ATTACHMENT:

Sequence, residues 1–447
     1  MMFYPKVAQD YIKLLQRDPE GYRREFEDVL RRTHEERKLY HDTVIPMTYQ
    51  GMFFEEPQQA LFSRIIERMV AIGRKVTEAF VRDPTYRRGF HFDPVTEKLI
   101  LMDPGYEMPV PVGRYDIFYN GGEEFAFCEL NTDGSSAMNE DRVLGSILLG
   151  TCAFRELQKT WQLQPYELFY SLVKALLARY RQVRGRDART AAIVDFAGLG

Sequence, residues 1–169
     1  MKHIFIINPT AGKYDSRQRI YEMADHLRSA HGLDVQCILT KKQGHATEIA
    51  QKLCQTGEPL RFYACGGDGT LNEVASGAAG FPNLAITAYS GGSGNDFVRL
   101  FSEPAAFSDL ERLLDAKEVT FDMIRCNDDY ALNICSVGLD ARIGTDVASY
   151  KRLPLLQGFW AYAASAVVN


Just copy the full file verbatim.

Sequence, residues 1–447
     1  MMFYPKVAQD YIKLLQRDPE GYRREFEDVL RRTHEERKLY HDTVIPMTYQ
    51  GMFFEEPQQA LFSRIIERMV AIGRKVTEAF VRDPTYRRGF HFDPVTEKLI
   101  LMDPGYEMPV PVGRYDIFYN GGEEFAFCEL NTDGSSAMNE DRVLGSILLG
   151  TCAFRELQKT WQLQPYELFY SLVKALLARY RQVRGRDART AAIVDFAGLG

Sequence, residues 1–169
     1  MKHIFIINPT AGKYDSRQRI YEMADHLRSA HGLDVQCILT KKQGHATEIA
    51  QKLCQTGEPL RFYACGGDGT LNEVASGAAG FPNLAITAYS GGSGNDFVRL
   101  FSEPAAFSDL ERLLDAKEVT FDMIRCNDDY ALNICSVGLD ARIGTDVASY
   151  KRLPLLQGFW AYAASAVVN